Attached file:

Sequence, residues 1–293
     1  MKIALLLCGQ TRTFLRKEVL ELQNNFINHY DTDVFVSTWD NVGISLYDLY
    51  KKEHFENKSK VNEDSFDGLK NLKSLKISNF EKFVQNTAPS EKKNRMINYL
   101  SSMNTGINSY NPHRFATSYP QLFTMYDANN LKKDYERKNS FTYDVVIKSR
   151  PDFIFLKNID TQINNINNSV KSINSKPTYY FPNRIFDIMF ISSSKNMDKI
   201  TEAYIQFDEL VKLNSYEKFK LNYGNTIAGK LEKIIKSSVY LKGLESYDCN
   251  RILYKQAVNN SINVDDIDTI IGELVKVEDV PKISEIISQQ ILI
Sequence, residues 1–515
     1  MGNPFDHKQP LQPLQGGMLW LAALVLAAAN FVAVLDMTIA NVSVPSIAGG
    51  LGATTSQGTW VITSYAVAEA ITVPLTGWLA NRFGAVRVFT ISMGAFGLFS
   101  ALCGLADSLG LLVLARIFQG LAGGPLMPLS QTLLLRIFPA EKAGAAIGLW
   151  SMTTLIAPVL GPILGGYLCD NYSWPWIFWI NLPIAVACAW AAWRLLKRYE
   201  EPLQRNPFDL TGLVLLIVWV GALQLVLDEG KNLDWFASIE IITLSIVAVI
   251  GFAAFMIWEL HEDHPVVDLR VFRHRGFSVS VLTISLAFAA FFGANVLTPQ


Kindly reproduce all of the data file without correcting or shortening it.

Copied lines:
Sequence, residues 1–293
     1  MKIALLLCGQ TRTFLRKEVL ELQNNFINHY DTDVFVSTWD NVGISLYDLY
    51  KKEHFENKSK VNEDSFDGLK NLKSLKISNF EKFVQNTAPS EKKNRMINYL
   101  SSMNTGINSY NPHRFATSYP QLFTMYDANN LKKDYERKNS FTYDVVIKSR
   151  PDFIFLKNID TQINNINNSV KSINSKPTYY FPNRIFDIMF ISSSKNMDKI
   201  TEAYIQFDEL VKLNSYEKFK LNYGNTIAGK LEKIIKSSVY LKGLESYDCN
   251  RILYKQAVNN SINVDDIDTI IGELVKVEDV PKISEIISQQ ILI
Sequence, residues 1–515
     1  MGNPFDHKQP LQPLQGGMLW LAALVLAAAN FVAVLDMTIA NVSVPSIAGG
    51  LGATTSQGTW VITSYAVAEA ITVPLTGWLA NRFGAVRVFT ISMGAFGLFS
   101  ALCGLADSLG LLVLARIFQG LAGGPLMPLS QTLLLRIFPA EKAGAAIGLW
   151  SMTTLIAPVL GPILGGYLCD NYSWPWIFWI NLPIAVACAW AAWRLLKRYE
   201  EPLQRNPFDL TGLVLLIVWV GALQLVLDEG KNLDWFASIE IITLSIVAVI
   251  GFAAFMIWEL HEDHPVVDLR VFRHRGFSVS VLTISLAFAA FFGANVLTPQ